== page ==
CM Feature Communications and Organizational Management

How to Usher in Change at Your Law Firm (and Not Scare Staff)

Reading the room and starting slowly can go a long way to making sure changes at your firm run smoothly.

Artificial intelligence. Hybrid work arrangements. Upgrades to software programs. Innovative recruiting strategies. Shifts in what’s expected in the workplace and for career development. 

Phillip M. Perry

Changes like these are commonplace and on an accelerated path at law firms. And while new ways of doing business may benefit law firm operations, getting the stamp of approval from the powers-that-be can feel like slogging through molasses. Lawyers, after all, have a reputation for resisting change.

Attorneys are not alone in looking askance at new initiatives. “Most people hate change,” says Elise Powers, Chief Executive Officer of Eleview Consulting. “Even if a new way of doing something is an improvement, fear of the unknown keeps us wanting to preserve the status quo. And it just requires more energy for us to pivot when things don’t go perfectly the first time.”

Maybe a risk-averse mindset is common to all humanity, but it seems to be doubly so in the legal profession. That makes sense, given the background of attorneys. “Take a step back and understand where lawyers are coming from,” says Daniel J. McCormack, CLM, MBA, ACC, Chief Executive Officer of Dan McCormack & Associates LLC, and a member of ALA’s Professional Development Advisory Committee. “Their entire education and career have been an in-depth progression based on historic facts. They have to look at everything and verify by double and triple checking. And that’s how they make all their decisions for their clients.”

It follows, then, that anyone who walks in and says, “I want to change this,’’ needs to have a cogent argument lined up.

Given their need to maximize return on their time, attorneys can also be particularly wary of any new initiative that threatens to commandeer their daily schedule. This is often the case, for example, with new data processing software.

“A change in technology can require more time and energy up front to do tasks because of the need to learn new routines,” says Powers. “Even if attorneys recognize the improvements inherent in a new way of doing things, many will resist a learning process that can be a bit cumbersome or burdensome.”

The reliance on precedent that is common to the legal profession can also contribute to an elevation of the value of traditional procedures, pointed out Powers. “Attorneys rely on what has been decided in the past as a guide for the future. They rely on this mindset for their practice to be successful.”

The partnership structure at many firms can also contribute to change resistance. Requiring more than one person to sign off on an operational modification can slow down the approval process. “To get anyone to agree on anything these days is a Herculean task,” says Powers. “Many times, it's just easier to maintain the inertia of whatever you have been doing rather than to rally the troops around something new.”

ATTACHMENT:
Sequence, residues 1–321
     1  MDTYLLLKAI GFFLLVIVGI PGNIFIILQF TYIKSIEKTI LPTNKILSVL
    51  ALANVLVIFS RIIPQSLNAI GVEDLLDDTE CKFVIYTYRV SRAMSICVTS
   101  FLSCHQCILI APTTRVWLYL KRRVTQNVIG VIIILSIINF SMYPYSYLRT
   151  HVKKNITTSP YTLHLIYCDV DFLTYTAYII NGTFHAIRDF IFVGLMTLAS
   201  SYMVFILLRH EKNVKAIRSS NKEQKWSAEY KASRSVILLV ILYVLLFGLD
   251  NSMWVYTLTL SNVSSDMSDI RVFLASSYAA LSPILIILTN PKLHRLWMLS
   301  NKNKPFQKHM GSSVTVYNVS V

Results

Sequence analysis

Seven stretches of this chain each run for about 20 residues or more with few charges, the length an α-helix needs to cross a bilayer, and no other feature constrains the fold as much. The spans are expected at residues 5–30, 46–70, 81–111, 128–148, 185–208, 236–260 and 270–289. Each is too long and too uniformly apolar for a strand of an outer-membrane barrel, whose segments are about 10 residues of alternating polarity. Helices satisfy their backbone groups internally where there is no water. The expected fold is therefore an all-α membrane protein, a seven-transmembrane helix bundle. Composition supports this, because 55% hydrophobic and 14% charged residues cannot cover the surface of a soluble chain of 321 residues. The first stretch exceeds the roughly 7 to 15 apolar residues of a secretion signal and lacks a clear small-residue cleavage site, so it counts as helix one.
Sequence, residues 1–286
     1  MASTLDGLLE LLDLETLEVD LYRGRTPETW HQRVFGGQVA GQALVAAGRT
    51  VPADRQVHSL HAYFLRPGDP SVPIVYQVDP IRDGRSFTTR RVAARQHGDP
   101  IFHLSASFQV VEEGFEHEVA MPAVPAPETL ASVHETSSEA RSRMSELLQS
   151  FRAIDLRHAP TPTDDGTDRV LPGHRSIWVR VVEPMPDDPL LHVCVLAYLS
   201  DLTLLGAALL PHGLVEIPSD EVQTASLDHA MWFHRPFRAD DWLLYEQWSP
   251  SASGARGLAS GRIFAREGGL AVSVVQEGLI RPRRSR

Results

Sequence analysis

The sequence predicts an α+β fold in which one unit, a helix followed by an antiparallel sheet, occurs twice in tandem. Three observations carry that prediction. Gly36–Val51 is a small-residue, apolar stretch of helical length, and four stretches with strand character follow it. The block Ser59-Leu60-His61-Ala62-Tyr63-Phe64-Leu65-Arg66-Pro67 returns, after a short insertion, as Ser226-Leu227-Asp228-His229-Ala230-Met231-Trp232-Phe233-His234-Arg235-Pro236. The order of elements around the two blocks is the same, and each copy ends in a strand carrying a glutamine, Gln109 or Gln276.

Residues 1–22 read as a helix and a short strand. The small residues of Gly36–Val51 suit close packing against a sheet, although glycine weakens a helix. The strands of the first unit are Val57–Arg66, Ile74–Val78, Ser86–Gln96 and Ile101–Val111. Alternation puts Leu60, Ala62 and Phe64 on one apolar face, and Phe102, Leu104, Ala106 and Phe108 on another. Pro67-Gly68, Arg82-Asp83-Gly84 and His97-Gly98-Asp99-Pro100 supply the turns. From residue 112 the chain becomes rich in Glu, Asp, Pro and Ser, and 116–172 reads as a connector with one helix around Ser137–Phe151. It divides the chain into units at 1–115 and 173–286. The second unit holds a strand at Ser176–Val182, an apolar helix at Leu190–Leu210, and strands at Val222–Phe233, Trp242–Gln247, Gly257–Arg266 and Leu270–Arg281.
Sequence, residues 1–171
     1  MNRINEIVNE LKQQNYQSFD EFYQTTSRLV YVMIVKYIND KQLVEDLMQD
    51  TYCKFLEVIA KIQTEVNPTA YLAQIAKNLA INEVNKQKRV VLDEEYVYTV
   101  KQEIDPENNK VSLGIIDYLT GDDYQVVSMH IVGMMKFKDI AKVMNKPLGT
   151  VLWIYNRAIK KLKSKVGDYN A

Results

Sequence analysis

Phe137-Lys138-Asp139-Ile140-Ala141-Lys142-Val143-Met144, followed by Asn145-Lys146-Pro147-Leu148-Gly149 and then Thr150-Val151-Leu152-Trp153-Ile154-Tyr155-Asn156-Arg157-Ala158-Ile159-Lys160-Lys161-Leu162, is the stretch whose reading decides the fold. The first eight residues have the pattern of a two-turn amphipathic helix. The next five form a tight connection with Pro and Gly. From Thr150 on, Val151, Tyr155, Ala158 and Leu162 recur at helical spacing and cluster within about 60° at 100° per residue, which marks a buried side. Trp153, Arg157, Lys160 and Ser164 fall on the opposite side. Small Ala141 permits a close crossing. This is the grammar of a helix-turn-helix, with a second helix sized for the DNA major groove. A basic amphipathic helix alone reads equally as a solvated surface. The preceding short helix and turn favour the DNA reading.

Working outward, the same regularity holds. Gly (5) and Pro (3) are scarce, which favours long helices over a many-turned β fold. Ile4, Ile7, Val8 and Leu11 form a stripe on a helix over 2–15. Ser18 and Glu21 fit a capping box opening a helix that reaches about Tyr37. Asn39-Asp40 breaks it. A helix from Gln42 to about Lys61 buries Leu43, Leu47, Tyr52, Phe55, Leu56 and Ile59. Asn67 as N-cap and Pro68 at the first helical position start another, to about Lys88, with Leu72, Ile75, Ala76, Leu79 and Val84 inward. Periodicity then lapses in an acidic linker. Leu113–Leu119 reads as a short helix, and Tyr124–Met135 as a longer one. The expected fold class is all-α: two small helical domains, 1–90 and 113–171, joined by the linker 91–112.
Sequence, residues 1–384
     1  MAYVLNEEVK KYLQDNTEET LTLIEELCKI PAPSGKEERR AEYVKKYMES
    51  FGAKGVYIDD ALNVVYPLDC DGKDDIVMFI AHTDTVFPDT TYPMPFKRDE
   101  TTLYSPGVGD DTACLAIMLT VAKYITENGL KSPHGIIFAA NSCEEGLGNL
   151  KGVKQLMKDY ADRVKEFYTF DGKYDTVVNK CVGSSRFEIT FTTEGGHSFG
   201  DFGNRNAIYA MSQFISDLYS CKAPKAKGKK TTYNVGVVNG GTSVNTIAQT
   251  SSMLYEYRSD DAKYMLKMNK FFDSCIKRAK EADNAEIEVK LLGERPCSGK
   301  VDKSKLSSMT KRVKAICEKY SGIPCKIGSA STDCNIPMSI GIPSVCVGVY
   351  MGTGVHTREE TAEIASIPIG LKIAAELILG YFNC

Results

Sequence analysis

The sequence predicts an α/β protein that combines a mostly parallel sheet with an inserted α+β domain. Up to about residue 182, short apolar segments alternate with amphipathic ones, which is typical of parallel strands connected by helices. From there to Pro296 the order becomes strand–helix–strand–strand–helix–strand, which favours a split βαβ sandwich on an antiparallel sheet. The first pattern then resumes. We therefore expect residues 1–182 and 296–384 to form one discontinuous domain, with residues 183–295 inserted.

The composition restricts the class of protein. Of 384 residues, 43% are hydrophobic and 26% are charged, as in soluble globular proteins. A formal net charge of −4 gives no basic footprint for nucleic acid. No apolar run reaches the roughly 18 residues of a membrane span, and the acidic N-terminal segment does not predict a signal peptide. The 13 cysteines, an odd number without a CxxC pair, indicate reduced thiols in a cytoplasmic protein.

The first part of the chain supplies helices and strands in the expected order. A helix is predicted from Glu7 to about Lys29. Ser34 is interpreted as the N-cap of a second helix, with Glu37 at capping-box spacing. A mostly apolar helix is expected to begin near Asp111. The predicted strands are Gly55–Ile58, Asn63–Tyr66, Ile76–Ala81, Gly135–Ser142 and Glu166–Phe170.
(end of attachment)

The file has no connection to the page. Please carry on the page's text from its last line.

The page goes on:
“Whenever change occurs, the legal administrator has to be attentive to how people are thinking, feeling and behaving in response. People will fight change because they feel threatened and that are somehow losing out.”

Perhaps the most important reason of all, however, is a tendency for lawyers to hold back from any modifications in firm operations unless they are convinced of a clear client benefit. “When you think about what attorneys are paid to do, it is to protect their clients from anything that can go wrong,” says Powers. “As a result, attorneys are sensitive to the potential risk that can go along with any proposed change.”

Indeed, there is also the possibility that visible modifications in a firm’s operating procedures alarm the client base. “What if clients push back on a change when it is introduced?” says Powers. “Attorneys will resist anything that may rock the boat when it comes to client perceptions.” This concern will be all the greater when individual attorneys have little control over how a proposed change will roll out firmwide.


One thing is clear: There’s more change ahead for the legal industry. Artificial intelligence, in particular, may well bring about new ways of conducting research, predicting case outcomes and even suggesting personalized services based on client histories.

So how can a legal management professional develop the skills required to move the needle when conditions call for new ways of doing business? The first step is to understand the emotional environment that surrounds the change dynamic.

“Whenever change occurs, the legal administrator has to be attentive to how people are thinking, feeling and behaving in response,” says McCormack. “People will fight change because they feel threatened and that they are somehow losing out.”

Legal management professionals must develop the skills to convert the change scenario from win-lose to win-win. “By listening to people, validating their concerns, explaining the new process, and speaking to the available resources and how they themselves have helped the organization adjust to change in the past, they will start to see the positive outcome of the proposed change,” says McCormack.